11 October 2004
United Nations Drugs Office Confirms Steady Reduction in Opium Cultivation in Myanmar
VIENNA, 11 October (UN Information Service) -- Opium cultivation in Myanmar shows a 29 per cent decline in comparison to 2003, according to the Myanmar Opium Survey 2004, released today by the United Nations Office on Drugs and Crime (UNODC). The opium cultivation this season is estimated at 44,200 hectares (ha) representing a significant cumulative decline of 73 per cent when compared to the 163,000 ha in 1996. The production of opium for the year 2004 amounted to 370 metric tons, representing a decline of 54 per cent with respect to 2003. The Shan State traditionally has accounted for more than 90 per cent of total opium production in Myanmar.
Factor in a parallel decline in opium cultivation in Laos -- 45 per cent in comparison to 2003 -- and what we may be seeing, if the decline continues, is a potential end to more than a century of opium production in the Golden Triangle, said Antonio Maria Costa, the Executive Director of UNODC. Speaking to an audience in Brussels, Costa added: Today Myanmar faces a critical, two-fold challenge. First, the country needs a permanent decline in opium production. At the same time, Myanmar must do everything in its power to head-off the humanitarian disaster threatening opium-growing families who at present live on, or below, the poverty line.
According to the survey, 260,000 households were involved in opium cultivation in 2004. Most of them reside in remote, mountainous, and isolated areas, and opium is often their primary or sole source of income. Most importantly, the average income of non-opium producing households is 30 per cent higher than opium producing households. Opium is a last resort for farmers confronting hunger and poverty, said Mr. Costa. If we do not provide for the basic human needs of farmers in Myanmar, they will never escape the vicious circle of poverty and opium cultivation. The opium communities will remain vulnerable to human rights abuses, human trafficking and forced relocation, added Mr. Costa.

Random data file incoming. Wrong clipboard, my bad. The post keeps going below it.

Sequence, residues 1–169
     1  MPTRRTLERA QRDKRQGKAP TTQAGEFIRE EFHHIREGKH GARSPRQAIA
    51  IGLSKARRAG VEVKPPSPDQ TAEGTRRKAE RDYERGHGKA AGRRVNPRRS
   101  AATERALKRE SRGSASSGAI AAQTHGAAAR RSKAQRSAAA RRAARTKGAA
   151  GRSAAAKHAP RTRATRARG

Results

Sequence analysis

According to Gareth Evans, President and CEO of the International Crisis Group (ICG), "It is very encouraging that the United Nations has been able to report such a significant decline in opium production in Myanmar. However if these declines are to be sustained, more will have to be done to provide economic opportunities for those living in border areas in Myanmar -- even in the absence of political reform, which is essential. ICG has recommended that donors develop new strategies, working with the UN and others to reduce poverty and to tackle the problems of conflict, disease and drugs that have caused so much harm in this region.
The survey also indicates the average farm-gate price of opium has increased by 80 per cent over last years cost -- in 2004 the average cost per kilogram was US$234 as opposed to US$130 recorded in 2003. The increase, a reflection of a scarce opium production this season, could act as an incentive for farmers to cultivate greater amounts next year.
Democratization and national reconciliation in Myanmar, as well as national commitment to drug control, are goals the United Nations has re-affirmed on several occasions. The international donor community carries a responsibility to support this process by providing alternative sources of income to those families in Myanmar whose livelihoods are adversely impacted by the loss of opium-generated revenue, concluded Mr. Costa.
This survey jointly carried out by UNODC and the Myanmar Central Committee for Drug Abuse Control provides also figures on addiction. The survey (http://www.unodc.org/unodc/en/crop_monitoring.html) is based on field work complemented with satellite imagery.
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